1997 Congressional Hearings
Special Weapons
Nuclear, Chemical, Biological and Missile


SENATOR THAD COCHRAN

Governmental Affairs Subcommittee on International Security,
Proliferation, and Federal Services

"National Missile Defense and the ABM Treaty"

May 1, 1997

Opening Statement

I'd like to welcome everyone to today's hearing of the Governmental Affairs Subcommittee on International Security, Proliferation, and Federal Services. Our topic today is "National Missile Defense and the ABM Treaty."

The administration's plan for national missile defense -- the "3+3" program-- appears to have serious problems, one of which is the possible conflict with provisions of the 1972 Anti-Ballistic Missile Treaty.

Legislation calling for the deployment of national missile defense has been criticized by the administration for allegedly requiring violation of the ABM Treaty. For example, commenting on the 1996 Defense Authorization bill -which the President vetoed -- former Secretary of Defense William Perry said it would have "put us on a pathway to abrogate the ABM Treaty...". Ashton Carter, former Assistant Secretary of Defense for International Security Policy, said the bill "obliges us to violate or ignore the ABM Treaty." And President Clinton, in explaining why he would veto last year's Defend America Act, said it would "violate the arms control agreements that we have made and that make us more secure."

The administration said that its 3+3 NMD plan contrasted sharply with past Republican proposals. The 3+3 plan, according to some administration spokesmen, was better because it could defend America from limited ballistic missile attack without violating the ABM Treaty. Secretary Perry told the Senate that "there is nothing we are doing now or planning to do which would be in violation of the ABM Treaty." Lieutenant General O'Neill, then Director of the Ballistic Missile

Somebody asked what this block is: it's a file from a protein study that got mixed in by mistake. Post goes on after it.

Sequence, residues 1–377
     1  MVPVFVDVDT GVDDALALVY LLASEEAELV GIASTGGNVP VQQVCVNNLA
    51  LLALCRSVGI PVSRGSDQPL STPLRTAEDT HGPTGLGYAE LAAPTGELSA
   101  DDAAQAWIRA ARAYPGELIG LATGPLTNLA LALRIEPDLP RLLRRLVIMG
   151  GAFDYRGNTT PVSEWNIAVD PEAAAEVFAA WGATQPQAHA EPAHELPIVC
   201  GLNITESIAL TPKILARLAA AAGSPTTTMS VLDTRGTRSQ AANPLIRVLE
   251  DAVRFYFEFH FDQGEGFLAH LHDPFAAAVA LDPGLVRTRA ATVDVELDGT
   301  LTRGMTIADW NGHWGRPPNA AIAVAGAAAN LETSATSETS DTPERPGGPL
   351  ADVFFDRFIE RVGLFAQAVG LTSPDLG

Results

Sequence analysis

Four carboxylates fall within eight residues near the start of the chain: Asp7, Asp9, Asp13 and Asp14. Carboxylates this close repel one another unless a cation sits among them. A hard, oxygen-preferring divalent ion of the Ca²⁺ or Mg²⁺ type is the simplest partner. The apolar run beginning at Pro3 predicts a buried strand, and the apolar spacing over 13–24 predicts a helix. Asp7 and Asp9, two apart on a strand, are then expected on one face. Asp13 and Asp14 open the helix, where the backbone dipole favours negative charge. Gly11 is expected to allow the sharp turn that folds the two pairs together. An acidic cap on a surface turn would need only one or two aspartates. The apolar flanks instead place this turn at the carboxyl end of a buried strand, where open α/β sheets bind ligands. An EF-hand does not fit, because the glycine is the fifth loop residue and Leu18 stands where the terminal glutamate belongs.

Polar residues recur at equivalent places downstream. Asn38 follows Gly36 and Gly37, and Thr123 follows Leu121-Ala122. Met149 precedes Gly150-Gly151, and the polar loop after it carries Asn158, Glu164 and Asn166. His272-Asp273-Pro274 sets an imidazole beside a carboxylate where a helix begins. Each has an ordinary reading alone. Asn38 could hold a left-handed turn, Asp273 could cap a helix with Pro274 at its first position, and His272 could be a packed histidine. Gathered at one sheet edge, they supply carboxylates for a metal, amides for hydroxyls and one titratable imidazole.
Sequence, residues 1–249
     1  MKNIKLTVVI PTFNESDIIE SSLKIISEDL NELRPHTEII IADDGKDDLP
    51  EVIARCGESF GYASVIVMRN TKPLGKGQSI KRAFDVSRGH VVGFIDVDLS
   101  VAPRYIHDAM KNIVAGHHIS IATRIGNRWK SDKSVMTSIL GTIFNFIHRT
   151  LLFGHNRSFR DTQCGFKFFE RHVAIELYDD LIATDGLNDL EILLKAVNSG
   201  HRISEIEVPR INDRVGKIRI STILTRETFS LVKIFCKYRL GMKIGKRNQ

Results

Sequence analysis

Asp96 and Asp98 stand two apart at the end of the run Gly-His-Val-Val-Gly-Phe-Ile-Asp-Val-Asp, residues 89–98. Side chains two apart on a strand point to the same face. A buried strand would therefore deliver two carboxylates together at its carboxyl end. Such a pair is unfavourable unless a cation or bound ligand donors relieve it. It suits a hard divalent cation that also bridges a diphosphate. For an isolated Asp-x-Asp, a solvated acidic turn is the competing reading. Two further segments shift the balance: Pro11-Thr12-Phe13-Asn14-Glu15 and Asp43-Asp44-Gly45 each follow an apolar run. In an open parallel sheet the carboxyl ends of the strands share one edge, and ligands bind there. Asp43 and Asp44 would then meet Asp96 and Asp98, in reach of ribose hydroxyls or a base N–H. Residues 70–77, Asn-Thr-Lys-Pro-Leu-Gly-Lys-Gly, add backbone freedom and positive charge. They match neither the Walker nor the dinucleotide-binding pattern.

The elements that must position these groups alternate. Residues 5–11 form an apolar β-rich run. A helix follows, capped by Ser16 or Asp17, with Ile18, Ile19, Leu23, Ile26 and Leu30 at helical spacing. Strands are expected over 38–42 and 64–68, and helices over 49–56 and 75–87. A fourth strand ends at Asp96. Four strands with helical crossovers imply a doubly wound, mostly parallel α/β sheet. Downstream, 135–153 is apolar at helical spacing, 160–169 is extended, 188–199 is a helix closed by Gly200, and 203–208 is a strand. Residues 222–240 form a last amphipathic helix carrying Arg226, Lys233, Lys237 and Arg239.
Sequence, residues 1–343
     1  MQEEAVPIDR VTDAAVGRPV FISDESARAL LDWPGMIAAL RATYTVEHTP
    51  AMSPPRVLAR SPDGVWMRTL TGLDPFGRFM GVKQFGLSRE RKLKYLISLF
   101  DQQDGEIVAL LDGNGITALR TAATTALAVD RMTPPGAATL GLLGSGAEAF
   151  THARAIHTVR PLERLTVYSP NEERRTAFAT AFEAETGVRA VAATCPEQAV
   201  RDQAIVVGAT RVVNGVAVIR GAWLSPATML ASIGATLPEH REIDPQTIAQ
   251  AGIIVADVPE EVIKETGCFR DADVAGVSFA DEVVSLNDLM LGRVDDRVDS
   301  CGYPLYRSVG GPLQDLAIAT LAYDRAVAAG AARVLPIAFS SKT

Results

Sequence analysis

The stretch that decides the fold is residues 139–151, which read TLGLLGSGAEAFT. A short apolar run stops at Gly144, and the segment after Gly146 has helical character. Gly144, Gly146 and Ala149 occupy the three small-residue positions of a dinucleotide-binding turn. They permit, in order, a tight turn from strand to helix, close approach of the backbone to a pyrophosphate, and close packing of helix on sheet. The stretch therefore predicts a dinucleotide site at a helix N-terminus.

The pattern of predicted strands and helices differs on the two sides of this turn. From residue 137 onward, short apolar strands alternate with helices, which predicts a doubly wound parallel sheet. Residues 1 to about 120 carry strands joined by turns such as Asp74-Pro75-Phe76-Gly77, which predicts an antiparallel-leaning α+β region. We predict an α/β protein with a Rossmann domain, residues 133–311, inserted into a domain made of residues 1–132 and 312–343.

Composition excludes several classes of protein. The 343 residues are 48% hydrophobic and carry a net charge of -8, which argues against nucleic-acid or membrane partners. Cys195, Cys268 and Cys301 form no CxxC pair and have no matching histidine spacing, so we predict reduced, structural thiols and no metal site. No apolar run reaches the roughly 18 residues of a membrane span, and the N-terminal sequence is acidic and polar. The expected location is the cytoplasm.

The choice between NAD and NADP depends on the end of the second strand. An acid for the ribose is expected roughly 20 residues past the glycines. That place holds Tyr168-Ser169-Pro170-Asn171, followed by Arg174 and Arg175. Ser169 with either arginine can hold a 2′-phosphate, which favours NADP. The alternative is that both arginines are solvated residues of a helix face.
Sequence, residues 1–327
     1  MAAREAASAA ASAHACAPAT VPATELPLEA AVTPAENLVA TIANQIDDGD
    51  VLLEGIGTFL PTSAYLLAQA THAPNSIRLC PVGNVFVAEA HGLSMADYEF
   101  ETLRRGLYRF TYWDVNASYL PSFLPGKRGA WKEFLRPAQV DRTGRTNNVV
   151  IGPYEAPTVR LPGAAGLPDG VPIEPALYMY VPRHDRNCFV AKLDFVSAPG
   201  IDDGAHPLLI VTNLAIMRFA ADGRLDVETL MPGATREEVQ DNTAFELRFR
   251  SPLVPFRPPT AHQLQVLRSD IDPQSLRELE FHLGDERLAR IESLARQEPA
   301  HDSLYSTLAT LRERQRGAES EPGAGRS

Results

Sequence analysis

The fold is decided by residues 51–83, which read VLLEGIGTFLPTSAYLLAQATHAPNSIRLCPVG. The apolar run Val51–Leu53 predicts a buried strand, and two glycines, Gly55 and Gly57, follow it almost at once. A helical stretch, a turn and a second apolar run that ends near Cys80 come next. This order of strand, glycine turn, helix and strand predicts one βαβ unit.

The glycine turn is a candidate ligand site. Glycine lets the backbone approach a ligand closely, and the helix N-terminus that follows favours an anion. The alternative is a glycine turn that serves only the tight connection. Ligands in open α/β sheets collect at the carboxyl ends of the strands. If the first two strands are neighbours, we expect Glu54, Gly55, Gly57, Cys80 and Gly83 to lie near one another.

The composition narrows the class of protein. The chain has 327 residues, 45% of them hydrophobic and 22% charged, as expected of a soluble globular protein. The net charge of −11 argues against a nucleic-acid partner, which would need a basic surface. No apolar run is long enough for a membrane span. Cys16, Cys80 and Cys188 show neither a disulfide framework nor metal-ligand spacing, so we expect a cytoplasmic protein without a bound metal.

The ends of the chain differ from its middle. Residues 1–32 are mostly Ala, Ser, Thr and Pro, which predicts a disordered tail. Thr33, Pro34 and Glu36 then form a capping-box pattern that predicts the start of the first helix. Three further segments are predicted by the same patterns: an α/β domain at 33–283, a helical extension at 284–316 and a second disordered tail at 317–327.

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Defense Organization, said that "within the confines of the language of the ABM Treaty, we can and will build missile defenses to meet our national security needs." And in an August 1995 letter to the editor of USA Today recommending a veto of the Senate NMD proposal, Robert Bell of the National Security Council staff said that the Pentagon's 3+3 plan "complies with the ABM Treaty and does not threaten to undo our strategic arms agreement...".

Now the administration seems to be changing its story, by saying that only the development phase of the NMD program will be ABM Treaty-compliant while the system ultimately deployed "might require modification of the Treaty." The recent DoD request for proposals for the 3+3 lead systems integrator contract states that "treaty compliance of the deployed NMD system is not a requirement and will not be evaluated as part of the source selection process." Members of this subcommittee were recently told by the Director of BMDO that, contrary to previous administration statements, all of the 3+3 options under consideration by the administration pose ABM Treaty problems.

These recent statements indicate the administration realizes that its own plan to protect America from ballistic missile attack, even a limited attack, could be in conflict with the 25-year-old ABM Treaty. In today's hearing, we will examine the extent to which 3+3 proposals are compatible with the ABM Treaty and the administration's plan for addressing any incompatibilities.

If negotiations to modify the ABM Treaty are part of that plan, we would like to know what provisions have been made for these negotiations in the 3+3 program schedule. This is particularly important given the failure -- after 3 1/2 years of negotiations -- to reach agreement on a clarification of the ABM Treaty regarding theater missile defenses.

Today, we are pleased to welcome to this hearing Mr. John Holum, Director of the Arms Control and Disarmament Agency. Mr. Holum heads the agency responsible for negotiating, implementing, and verifying the nation's arms control agreements, and we will benefit from both his expertise on treaty issues and his experience directing arms control negotiations.


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End of Opening Statement